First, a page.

ATLANTA - OCTOBER 03:CEO Upfront Devyne Stephens and Recording Artist Perri 'Pebbles' Reid attend the T.J. Martell Foundation's Best Cellars Dinner at the Ritz-Carlton Buckhead on October 3, 2009 in Atlanta, Georgia. Pebbles is upset by how she was portrayed in the VH1 film "CrazySexyCool: The TLC Story." (Photo by Rick Diamond/Getty Images)
NEW YORK, NY - OCTOBER 15: Keke Palmer, Chilli, Drew Sidora, T-Boz and Rochelle Aytes attends the CrazySexyCool Premiere Event at AMC Loews Lincoln Square 13 theater on October 15, 2013 in New York City. (Photo by Brad Barket/Getty Images for VH1)
Last week, VH1 aired the film version of the TLC story "CrazySexyCool," which drew 4.5 million viewers, a huge success for the network.
It featured an actress Rochelle Aytes as a not terribly kind Perri "Pebbles" Reid as the woman who created the Atlanta R&B/hip-hop girl group and managed them during their early years.
Pebbles, who was a solo artist with a few hits in the 1980s including "Mercedes Boy," in the movie told them she was their big sister watching out for them in a male-dominated industry. But in the eyes of Rozonda "Chilli" Thomas and Tionne "T-Boz" Watkins, she was a master manipulator who preyed on their ignorance and prevented them from enjoying the financial spoils of their success. TLC ultimately filed for bankruptcy protection. (T-Boz has said the group only pocketed $15,000 after selling 10 million records.)
Chilli and T-Boz, the surviving members of TLC, were executive producers of the film.
Pebbles Wednesday released a statement on her Facebook page in response, in which she called the film an "unprovoked attack" featuring "many false and defamatory statements and scenes about me." She said she never cheated or misled anyone. Her attorney is going to demand a 'retraction" from VH1, whatever that would entail.
T-Boz, at the New York premiere, told a gossip website that we "can respectfully agree to disagree, but I’m not slandering you,” T-Boz said, directing her comments to Pebbles. “You can’t tell me my perception of you and how I felt about what you said or did to me. That’s not slander. That’s called telling the truth, boo.” (Read more here.)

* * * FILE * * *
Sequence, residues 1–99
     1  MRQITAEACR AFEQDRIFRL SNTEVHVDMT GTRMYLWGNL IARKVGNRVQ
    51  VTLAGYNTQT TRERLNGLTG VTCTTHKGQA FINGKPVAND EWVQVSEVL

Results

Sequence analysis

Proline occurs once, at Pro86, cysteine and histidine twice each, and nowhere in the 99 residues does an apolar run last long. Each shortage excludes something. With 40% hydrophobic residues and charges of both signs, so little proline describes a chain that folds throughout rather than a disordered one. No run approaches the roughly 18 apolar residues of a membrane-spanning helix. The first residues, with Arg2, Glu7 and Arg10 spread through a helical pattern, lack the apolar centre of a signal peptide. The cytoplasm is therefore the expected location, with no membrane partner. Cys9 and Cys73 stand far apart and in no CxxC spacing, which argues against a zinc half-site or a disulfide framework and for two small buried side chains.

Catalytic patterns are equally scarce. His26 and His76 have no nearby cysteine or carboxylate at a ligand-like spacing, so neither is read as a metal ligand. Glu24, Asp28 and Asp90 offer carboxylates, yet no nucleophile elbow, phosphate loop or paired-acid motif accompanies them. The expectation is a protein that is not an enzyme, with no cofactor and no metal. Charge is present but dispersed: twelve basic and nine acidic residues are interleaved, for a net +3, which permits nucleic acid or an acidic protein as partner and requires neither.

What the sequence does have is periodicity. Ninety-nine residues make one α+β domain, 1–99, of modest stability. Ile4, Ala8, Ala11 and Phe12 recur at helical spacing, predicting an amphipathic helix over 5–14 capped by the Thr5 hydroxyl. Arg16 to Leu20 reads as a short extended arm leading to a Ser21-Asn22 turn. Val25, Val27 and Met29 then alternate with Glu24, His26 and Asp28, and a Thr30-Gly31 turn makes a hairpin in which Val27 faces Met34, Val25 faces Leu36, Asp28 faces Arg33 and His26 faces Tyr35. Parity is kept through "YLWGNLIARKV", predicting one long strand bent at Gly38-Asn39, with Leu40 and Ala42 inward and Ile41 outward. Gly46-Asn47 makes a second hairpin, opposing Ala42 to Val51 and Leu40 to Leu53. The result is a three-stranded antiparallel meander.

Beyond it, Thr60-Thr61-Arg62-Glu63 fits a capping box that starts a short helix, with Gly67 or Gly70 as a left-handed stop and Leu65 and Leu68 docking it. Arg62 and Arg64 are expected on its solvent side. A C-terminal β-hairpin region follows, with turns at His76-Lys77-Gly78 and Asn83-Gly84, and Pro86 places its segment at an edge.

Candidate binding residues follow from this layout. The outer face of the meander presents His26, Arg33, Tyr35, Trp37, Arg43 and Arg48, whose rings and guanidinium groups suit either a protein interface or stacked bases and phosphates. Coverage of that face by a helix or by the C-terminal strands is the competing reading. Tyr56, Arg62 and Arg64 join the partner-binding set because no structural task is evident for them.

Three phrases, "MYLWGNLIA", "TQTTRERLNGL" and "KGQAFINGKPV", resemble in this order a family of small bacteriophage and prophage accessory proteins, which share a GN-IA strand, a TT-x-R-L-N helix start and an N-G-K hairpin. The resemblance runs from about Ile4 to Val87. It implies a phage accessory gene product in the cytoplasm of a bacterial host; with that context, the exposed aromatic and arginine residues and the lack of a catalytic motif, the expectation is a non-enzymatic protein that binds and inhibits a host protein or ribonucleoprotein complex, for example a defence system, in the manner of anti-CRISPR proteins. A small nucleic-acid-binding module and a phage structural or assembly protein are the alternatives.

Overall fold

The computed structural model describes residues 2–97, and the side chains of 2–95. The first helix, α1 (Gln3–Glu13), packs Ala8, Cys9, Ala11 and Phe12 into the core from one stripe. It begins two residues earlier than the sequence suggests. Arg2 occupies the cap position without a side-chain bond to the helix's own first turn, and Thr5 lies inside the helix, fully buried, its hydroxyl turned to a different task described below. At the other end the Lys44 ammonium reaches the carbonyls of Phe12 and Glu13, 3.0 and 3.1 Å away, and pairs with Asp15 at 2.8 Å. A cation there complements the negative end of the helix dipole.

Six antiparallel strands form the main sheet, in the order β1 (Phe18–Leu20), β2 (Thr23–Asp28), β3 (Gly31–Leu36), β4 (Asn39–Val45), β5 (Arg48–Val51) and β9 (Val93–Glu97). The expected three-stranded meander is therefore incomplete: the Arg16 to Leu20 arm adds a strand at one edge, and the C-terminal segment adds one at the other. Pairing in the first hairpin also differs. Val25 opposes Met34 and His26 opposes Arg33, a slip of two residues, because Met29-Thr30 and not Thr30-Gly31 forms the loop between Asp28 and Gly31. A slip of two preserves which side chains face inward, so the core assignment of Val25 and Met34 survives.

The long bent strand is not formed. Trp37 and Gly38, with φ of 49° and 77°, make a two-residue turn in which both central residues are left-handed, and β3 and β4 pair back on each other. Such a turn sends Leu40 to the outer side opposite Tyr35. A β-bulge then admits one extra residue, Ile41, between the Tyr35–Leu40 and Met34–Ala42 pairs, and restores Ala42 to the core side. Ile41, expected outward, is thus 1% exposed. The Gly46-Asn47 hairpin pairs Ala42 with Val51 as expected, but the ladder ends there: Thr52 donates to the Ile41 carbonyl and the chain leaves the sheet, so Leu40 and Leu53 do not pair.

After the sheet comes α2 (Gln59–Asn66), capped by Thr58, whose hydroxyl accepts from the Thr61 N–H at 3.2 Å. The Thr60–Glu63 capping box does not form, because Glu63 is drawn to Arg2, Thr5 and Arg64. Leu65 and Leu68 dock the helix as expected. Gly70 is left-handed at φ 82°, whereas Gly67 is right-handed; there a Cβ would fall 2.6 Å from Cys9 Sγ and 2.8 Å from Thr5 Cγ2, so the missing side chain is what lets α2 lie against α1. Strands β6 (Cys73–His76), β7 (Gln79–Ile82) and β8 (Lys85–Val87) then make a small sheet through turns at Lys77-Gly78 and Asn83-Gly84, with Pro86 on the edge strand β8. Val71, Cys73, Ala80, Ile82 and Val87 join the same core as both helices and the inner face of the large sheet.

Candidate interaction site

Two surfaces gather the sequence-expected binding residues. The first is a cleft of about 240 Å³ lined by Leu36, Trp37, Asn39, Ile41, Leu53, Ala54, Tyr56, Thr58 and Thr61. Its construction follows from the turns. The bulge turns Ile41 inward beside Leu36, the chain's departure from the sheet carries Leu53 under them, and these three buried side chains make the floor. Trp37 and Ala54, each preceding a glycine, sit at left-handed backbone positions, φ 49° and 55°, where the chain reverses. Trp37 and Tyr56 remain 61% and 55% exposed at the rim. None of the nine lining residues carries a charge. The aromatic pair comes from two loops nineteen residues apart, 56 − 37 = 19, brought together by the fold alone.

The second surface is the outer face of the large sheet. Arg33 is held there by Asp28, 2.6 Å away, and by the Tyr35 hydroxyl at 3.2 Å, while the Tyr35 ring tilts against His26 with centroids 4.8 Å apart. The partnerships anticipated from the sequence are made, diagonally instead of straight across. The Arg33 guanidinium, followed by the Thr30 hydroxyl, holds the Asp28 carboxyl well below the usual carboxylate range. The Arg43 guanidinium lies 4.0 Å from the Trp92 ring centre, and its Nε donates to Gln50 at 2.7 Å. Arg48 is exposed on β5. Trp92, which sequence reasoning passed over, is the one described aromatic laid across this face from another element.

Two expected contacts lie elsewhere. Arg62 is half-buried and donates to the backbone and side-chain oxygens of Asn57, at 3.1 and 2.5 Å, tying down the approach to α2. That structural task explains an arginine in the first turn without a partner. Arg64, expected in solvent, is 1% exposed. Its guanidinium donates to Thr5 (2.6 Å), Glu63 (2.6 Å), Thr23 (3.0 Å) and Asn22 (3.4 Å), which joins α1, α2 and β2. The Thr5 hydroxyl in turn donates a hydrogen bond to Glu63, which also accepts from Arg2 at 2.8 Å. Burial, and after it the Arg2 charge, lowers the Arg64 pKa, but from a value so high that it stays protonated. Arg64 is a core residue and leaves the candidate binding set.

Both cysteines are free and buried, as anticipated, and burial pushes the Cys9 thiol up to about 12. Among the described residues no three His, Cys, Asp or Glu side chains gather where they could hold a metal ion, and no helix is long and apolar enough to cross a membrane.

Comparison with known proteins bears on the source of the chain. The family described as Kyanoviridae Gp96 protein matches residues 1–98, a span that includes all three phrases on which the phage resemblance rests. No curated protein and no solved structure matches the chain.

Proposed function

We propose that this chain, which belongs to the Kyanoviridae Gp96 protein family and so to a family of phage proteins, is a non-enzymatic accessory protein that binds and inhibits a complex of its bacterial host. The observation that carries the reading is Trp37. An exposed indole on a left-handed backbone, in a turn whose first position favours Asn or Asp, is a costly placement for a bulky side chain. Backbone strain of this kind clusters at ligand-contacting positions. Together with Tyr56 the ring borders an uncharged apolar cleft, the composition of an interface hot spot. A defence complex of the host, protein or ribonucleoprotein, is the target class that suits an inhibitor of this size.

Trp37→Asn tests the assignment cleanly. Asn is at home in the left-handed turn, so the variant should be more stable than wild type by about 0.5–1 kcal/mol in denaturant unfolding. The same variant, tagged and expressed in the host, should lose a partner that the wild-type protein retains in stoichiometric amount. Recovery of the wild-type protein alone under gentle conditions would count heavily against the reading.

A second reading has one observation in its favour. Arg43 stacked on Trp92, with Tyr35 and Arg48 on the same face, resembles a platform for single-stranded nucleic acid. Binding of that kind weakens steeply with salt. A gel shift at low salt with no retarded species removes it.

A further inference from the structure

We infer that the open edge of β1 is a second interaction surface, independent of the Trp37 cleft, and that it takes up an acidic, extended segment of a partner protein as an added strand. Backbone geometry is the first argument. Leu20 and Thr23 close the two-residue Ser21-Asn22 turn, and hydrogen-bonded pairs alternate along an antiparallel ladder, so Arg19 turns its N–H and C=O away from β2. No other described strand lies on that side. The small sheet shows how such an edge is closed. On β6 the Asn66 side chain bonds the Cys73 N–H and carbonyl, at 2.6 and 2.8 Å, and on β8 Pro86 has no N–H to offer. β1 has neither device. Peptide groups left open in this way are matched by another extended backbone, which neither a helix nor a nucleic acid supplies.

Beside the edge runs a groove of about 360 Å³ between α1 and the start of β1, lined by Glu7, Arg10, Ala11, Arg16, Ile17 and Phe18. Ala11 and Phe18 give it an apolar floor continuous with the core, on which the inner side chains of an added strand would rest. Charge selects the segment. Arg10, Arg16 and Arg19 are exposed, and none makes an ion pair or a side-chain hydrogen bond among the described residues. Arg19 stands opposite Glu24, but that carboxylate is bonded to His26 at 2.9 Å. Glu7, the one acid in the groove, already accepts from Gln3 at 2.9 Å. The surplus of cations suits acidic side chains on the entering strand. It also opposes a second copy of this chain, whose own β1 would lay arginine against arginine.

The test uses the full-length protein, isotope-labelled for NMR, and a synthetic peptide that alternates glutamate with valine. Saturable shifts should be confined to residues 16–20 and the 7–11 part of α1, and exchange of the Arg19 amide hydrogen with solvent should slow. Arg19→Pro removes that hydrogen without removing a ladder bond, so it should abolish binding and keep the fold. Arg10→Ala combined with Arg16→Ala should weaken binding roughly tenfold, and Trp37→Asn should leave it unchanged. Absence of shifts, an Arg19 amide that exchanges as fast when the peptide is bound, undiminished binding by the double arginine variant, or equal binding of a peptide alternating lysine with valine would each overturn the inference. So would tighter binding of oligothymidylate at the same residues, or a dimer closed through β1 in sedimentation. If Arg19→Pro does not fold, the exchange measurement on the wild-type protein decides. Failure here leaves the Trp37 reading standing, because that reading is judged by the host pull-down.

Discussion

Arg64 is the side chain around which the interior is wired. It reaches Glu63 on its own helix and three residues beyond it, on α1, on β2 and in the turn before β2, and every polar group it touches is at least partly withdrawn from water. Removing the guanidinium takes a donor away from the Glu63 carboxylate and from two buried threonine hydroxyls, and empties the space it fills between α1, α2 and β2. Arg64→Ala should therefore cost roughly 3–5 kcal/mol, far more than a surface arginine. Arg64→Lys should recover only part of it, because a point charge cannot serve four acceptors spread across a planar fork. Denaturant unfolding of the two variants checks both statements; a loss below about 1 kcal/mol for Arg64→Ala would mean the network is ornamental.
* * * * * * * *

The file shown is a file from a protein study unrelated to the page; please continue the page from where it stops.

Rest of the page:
Here is Pebbles' statement in full:
First I want to thank all of you for the well wishes and prayers. I apologize for the delay in responding to the movie, but I wanted to gather my thoughts. I have always been a private person and this unprovoked attack has been extremely upsetting to me and my family. I have needed time to spend with my family and for personal reflection.
The movie contains many false and defamatory statements and scenes about me. Please know that I have never cheated or mislead anyone. I will defend my reputation, accomplishments, and character. My attorney is in the process of demanding a retraction of the false and defamatory statements and scenes about me from VH1.
My silence has empowered individuals looking for a payday at my expense. I have held my peace for 20 years and it’s time the truth comes out. I will be sharing my story in the appropriate venue at the appropriate time. With all my heart I thank you for your faithful support.
I am extremely proud of the success and massive accomplishments of TLC—the group I discovered, managed, and mentored. I helped push open doors for TLC and other women in this male dominated industry. My sacrifices ultimately opened the door for not only a new wave of female performers in this industry but also a new generation of female executives. That backdrop makes the movie extremely personally upsetting to me.